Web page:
Utilization and Real-World Effectiveness of Tranexamic Use in Shoulder Arthroplasty

A Population-Based Study

Shawn G. Anthony, MD, MBA; Diana C. Patterson, MD; Paul J. Cagle, Jr, MD; Jashvant Poeran, MD, PhD; Nicole Zubizarreta, MPH; Madhu Mazumdar, PhD; Leesa M. Galatz, MD


J Am Acad Orthop Surg. 2019;27(19):736-742. 

In This Article

Abstract and Introduction


Introduction: Tranexamic acid (TXA) is increasingly used to reduce blood loss in lower extremity arthroplasty, but limited data exist for its effectiveness in patients undergoing shoulder arthroplasty. We aimed to use national data to assess the frequency of use and effectiveness of TXA in patients undergoing shoulder arthroplasty.

Methods: Using national claims data from patients undergoing shoulder arthroplasty (Premier Healthcare; 2010 to 2016; n = 82,512; 429 hospitals), we categorized patients according to whether they received perioperative TXA. Multilevel multivariable regression models measured associations between TXA and blood transfusion risk, combined complications (including thromboembolic events, acute renal failure, cerebral infarction, and acute myocardial infarction), and length and cost of hospitalization. Odds ratios (ORs) and 95% confidence intervals (CIs) are reported.

Results: Overall, TXA was used in 12.8% (n = 10,582) of patients with a strong increasing trend. After adjustment for relevant covariates, TXA use (compared with no TXA use) was associated with a 36% decrease in transfusion risk (OR, 0.64; 95% CI, 0.52 to 0.77; P < 0.05) and a 35% decreased risk for combined complications (OR, 0.65; 95% CI, 0.50 to 0.83; P < 0.05). Moreover, TXA use was associated with 6.2% shorter hospital stay (95% CI, −8.0% to −4.4%; P < 0.05), whereas no difference was observed with the cost of hospitalization.

Conclusion: In this first large-scale study assessing TXA use and effectiveness in patients undergoing shoulder arthroplasty, we found that although TXA utilization is still low, it is associated with a marked decrease in transfusion risk with no increases in complication risk. Effects on the length and cost of hospitalization appeared minor. Future studies should assess whether higher volumes of TXA utilization would translate into more gains on the length and cost of hospitalization.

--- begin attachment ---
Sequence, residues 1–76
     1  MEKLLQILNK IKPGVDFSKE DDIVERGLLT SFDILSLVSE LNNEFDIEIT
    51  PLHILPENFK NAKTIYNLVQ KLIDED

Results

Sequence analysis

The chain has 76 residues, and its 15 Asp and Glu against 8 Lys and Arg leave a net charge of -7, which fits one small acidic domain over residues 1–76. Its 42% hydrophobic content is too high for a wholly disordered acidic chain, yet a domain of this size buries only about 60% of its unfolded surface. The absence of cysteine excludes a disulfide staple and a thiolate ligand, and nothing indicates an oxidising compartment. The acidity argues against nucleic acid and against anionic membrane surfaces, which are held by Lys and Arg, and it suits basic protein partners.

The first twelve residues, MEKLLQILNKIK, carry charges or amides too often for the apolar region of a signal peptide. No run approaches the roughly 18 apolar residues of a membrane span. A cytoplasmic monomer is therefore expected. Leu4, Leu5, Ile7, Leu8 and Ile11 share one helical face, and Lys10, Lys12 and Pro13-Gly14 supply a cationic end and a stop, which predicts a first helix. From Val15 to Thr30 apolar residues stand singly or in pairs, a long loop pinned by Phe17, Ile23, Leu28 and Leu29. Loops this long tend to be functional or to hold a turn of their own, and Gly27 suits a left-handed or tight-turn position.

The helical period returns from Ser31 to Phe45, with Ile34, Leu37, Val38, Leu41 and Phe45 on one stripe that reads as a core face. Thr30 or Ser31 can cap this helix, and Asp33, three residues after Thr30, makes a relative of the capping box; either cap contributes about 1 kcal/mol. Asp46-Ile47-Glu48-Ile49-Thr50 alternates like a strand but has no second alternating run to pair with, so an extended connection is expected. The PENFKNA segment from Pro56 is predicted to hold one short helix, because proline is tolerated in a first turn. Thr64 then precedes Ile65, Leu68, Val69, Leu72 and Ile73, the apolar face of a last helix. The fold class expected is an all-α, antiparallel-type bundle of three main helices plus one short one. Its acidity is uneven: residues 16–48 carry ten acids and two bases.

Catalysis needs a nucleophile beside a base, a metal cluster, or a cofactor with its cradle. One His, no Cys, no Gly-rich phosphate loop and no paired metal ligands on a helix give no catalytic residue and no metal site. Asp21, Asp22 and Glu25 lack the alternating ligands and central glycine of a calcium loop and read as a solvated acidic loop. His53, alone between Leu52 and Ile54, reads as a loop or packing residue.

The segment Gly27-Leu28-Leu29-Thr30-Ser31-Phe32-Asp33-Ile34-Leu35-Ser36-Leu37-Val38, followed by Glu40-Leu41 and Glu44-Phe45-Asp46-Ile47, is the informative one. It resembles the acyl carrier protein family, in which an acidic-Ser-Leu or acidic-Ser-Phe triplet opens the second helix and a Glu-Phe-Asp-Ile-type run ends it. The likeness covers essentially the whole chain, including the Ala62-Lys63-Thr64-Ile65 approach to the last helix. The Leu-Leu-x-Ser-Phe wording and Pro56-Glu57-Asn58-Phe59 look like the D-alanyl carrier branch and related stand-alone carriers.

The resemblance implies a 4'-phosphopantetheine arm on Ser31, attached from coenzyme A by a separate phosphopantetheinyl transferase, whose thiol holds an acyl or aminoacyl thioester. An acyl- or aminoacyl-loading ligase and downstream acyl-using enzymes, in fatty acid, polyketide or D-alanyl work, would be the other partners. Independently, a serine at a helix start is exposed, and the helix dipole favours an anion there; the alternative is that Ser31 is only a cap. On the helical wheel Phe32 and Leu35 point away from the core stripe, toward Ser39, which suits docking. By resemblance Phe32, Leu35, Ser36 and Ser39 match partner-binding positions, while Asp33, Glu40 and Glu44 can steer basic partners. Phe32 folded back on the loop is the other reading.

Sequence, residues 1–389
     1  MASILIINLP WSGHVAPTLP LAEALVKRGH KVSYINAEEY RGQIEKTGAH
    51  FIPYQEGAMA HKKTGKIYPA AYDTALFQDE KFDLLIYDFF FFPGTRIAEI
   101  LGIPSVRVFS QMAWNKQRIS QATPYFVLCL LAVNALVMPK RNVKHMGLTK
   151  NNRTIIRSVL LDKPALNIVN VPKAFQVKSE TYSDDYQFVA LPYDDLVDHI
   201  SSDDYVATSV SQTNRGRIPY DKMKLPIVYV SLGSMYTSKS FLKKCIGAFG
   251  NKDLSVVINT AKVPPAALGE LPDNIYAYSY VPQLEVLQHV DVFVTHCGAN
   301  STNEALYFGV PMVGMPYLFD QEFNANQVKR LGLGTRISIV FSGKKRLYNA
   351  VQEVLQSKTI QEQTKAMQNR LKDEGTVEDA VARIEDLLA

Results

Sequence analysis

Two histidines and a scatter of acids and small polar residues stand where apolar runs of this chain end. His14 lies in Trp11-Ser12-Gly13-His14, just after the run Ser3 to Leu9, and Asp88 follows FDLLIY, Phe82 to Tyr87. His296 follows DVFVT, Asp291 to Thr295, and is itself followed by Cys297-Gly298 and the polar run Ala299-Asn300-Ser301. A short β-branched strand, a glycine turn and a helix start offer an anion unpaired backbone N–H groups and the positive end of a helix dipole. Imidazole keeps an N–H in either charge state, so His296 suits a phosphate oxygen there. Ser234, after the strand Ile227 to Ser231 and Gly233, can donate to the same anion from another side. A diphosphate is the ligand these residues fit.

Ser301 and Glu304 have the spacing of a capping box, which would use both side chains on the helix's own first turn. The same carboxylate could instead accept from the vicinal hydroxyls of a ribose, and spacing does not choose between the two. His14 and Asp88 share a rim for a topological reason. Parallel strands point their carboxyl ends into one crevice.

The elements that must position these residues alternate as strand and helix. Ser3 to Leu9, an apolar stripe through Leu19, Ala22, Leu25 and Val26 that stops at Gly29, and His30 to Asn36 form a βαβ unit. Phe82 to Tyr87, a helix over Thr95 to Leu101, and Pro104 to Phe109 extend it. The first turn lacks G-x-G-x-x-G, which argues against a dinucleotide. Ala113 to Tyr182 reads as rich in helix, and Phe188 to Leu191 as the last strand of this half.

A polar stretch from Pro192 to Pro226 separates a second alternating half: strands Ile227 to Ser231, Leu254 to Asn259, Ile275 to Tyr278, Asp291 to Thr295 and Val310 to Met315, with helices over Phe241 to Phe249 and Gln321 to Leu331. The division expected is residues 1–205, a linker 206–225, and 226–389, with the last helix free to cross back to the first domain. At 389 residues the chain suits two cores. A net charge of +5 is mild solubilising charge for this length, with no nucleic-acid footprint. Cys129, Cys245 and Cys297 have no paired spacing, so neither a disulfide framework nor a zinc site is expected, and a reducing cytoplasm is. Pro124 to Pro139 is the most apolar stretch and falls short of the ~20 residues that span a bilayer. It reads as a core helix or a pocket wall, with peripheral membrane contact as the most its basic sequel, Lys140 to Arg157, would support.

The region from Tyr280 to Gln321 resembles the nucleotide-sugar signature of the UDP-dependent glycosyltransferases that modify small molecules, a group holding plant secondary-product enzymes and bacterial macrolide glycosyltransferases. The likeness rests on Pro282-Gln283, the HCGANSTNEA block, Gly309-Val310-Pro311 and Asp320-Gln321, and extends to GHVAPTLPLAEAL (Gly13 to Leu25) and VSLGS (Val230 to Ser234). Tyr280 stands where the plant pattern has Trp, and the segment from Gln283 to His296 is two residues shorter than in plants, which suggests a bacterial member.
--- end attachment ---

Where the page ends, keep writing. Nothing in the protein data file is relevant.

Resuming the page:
Level of Evidence: Level III


The demand for total shoulder arthroplasty (TSA) and reverse shoulder arthroplasty (RTSA) continues to increase rapidly because of an aging population, an increasing life expectancy, good outcomes, and broader indications for reverse arthroplasty.[1] With this comes the risk for an increase in postoperative complications, particularly major bleeding and its associated comorbidities. The impact of blood loss in shoulder arthroplasty has been extensively reported in previous orthopaedic literature.[2–4] Complications relating to blood loss range from postoperative hematoma to the need for allogeneic blood transfusion.[4–6] Rates of blood transfusion following TSA range from 7.4% to 43% in the literature;[2,3,5,6] in general, RTSA is an additional risk factor for transfusion[1–3,5,7] and higher risk of postoperative hematoma, which ranges from 1% to 20% in previous studies.[7,8] The use of allogeneic blood transfusions after orthopaedic surgery, particularly total hip and knee arthroplasty (THA and TKA), has been associated with a greater risk of surgical site infections.[9,10] Methods to reduce blood loss are critical to improving the safety of shoulder arthroplasty.

In many studies, tranexamic acid (TXA) has been shown to be safe and effective in reducing blood transfusion requirements in the postoperative period following a wide variety of surgical procedures.[11] This has been shown particularly in patients undergoing TKA and THA.[12–19] TXA is a synthetic derivative of the amino acid, lysine, which prevents progression of the fibrinolytic pathway by competitively inhibiting the activation of plasmin by plasminogen, thereby stabilizing clot formation.[11,20] Despite its widespread use in THA and TKA as well as spine and cardiac surgery, its use has not been widely established or studied in TSA. This may be because (1) TSA/RTSA procedures have not historically been performed with such frequency, and thus, the issue of transfusion was not realized to be significant; (2) the risks of the medication itself; and (3) the changing health care landscape in general in which complication rates and medical costs are being watched with ever-increasing scrutiny. Although rare, commonly mentioned complications of TXA include allergic reactions or complications secondary to its hypercoagulable properties, such as deep vein thrombosis (DVT), pulmonary embolism (PE), acute myocardial infarction, or cerebral infarction. Indeed, a few small studies have shown it to be safe and effective in reducing blood loss, transfusion requirement, and other complications.[20–24]

This study identifies (1) the current utilization rate of TXA in TSA and RTSA procedures in the United States and (2) the effectiveness of TXA use in reducing the rate of blood transfusions in the postoperative period and other associated complications. We hypothesized that TXA use in TSA would lead to reduced risks of transfusion, lower complication rate, and shorter hospital stay.